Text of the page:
Ta Prohm’s Crumbling Towers (Angkor Monuments) :
Ta Prohm temple is also known as “Tomb Raider Temple”, is cloaked in mystery, its cracked walls and crumbling towers locked in the slow muscular embrace of vast root systems. The most atmospheric ruin at Angkor, Ta Prohm should be high on the list of every visitor to Angkor. Its most appealing features unlike the other monuments of Angkor is that it has been swallowed by the jungle and looks very much the way most monuments of Angkor appeared when European explorers first stumbled upon them.
Constructed in the late 12th century, it was originally known as Rajavihara (Monastery of the King). Ta Prohm was a Buddhist temple built for King Jayavarman VII’s mother. It’s one of those few temples in the Angkor region where an inscription provides information about the temple’s dependents and inhabitants. About 80’000 people were required to the temple, among them there were more than 2’700 officials and 615 dancers.
Ta Prohm was a temple of towers, closed courtyards and narrow corridors. Unfortunately, many of the corridors are now impassable as they are clogged with piles of carved stone blocks dislodged by the roots of long-decayed trees. Bas-reliefs on bulging walls are carpeted with lichen, moss and creeping plants, and shrubs sprout from the roofs of monumental porches. The Trees, hundreds of years old towering overhead, their leaves filtering the sunlight and casting a greenish light shadow over the whole scene.
Architecture vs Nature :
If only Ta Prohm was maintained from its construction in 1186 to the present day, it would still be just a footnote to the majestic Angkor Wat temple. Although Ta Prohm lay forgotten and neglected by men, the Cambodian jungle wasted no time in devouring it. The roots of Silk-cotton and strangler fig trees claimed the loosened stones of the temple, which was built entirely without mortar. Their roots in an everlasting wrestle with the structure create an astonishing merger of nature and architecture.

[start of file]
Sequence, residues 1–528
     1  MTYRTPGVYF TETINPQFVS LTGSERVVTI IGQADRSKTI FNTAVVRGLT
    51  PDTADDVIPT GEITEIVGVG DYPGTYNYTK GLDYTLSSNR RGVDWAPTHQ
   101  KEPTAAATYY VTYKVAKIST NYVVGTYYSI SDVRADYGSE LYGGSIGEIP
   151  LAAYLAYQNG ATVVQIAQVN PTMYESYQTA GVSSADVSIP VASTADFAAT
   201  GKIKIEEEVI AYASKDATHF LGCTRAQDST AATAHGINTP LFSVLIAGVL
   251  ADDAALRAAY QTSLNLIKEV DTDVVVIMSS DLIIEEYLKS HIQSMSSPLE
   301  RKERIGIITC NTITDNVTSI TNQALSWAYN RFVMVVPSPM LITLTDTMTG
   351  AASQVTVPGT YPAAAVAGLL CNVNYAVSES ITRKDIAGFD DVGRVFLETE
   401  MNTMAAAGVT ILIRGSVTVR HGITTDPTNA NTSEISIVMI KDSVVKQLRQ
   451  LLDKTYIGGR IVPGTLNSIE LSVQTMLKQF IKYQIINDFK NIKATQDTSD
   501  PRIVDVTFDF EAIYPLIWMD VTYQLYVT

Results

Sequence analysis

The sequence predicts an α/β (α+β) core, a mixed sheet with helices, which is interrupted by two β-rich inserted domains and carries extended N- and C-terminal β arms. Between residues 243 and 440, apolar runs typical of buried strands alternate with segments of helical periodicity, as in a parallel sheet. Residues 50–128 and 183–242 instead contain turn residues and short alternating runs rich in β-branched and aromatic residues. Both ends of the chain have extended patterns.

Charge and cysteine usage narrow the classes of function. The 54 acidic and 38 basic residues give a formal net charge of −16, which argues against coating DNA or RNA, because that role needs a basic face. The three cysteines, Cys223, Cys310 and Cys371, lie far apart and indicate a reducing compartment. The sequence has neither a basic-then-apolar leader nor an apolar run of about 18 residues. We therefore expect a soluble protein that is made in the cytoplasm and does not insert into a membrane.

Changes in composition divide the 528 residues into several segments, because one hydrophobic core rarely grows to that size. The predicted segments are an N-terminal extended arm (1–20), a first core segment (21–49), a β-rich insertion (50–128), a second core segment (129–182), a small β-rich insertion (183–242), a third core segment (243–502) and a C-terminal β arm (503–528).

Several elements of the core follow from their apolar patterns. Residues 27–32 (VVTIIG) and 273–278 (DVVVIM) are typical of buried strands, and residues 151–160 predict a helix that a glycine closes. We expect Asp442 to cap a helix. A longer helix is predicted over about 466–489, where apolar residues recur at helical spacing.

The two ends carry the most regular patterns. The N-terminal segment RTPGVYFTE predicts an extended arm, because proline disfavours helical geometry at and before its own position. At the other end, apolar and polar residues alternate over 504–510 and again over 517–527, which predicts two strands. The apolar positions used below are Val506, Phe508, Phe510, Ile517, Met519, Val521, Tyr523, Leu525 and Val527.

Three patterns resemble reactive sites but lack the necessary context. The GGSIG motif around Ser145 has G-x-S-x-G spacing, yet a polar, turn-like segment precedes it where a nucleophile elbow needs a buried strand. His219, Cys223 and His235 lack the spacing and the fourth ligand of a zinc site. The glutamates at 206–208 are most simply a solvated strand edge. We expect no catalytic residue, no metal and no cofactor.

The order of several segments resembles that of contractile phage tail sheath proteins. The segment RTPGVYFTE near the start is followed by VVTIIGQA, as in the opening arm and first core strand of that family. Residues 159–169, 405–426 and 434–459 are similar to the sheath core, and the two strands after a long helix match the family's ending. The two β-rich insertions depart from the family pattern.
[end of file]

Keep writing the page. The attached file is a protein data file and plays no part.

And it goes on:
Built at the height of the Khmer Empire by Jayavarman VII as a Buddhist monastery and centre of learning, Ta Prohm’ traditional Khmer structure consists of a series of gradually smaller enclosures, the largest is about 1000 by 650 meters. In the centre of its sanctuary is the huge and elevated stone face of Prajnaparamita, the personification of wisdom, whose features were modelled after those of the king’s mother.
In the early 20th century when Angkor was rediscovered by French archaeologists, all of the temples had become overgrown–but none so spectacularly as Ta Prohm. As other temples were excavated and restored, the archaeologists had to make sure that the giant tree roots enveloping Ta Prohm would not further deteriorate the structure or make it dangerous to visit. Though Ta Prohm may look like nature unfettered, the appearance of neglect is fastidiously maintained.
Ta Prohm’s has gained its popularity in recent years along with the rest of the Angkor complex, especially because of its appearance in the movie Lara Croft: Tomb Raider. Be sure to also check out the controversial Dinosaur of Ta Prohm in a corner of the Ta Prohm temple with a strange story of its own.
More photos of Ta Prohm Temple here.
Our group trip photos on Instagram.